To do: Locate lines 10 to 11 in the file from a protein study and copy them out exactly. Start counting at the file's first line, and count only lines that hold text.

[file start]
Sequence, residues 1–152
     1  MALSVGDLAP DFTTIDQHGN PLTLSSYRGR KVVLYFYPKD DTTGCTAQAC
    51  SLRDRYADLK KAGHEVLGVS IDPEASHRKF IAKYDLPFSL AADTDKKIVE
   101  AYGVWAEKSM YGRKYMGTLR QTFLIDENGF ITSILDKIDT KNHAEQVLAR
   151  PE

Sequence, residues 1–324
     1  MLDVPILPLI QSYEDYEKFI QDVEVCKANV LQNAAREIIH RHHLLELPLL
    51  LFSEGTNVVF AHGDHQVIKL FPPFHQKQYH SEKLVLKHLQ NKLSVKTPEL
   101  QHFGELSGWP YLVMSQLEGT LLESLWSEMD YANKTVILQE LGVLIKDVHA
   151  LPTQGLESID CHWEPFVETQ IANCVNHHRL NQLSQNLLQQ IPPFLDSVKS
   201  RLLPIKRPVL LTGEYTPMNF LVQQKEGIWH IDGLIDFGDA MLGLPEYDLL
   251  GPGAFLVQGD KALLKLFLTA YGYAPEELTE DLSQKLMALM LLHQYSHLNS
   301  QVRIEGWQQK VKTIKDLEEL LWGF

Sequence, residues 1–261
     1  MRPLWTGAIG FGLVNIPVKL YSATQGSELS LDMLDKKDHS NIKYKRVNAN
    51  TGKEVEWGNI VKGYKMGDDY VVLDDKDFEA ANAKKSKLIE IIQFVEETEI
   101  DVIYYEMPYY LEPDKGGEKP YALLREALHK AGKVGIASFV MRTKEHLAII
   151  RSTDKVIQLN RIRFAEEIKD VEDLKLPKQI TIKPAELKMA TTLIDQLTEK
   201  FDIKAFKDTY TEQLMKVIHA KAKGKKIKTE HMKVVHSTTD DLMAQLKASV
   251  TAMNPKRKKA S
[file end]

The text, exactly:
   151  LPTQGLESID CHWEPFVETQ IANCVNHHRL NQLSQNLLQQ IPPFLDSVKS
   201  RLLPIKRPVL LTGEYTPMNF LVQQKEGIWH IDGLIDFGDA MLGLPEYDLL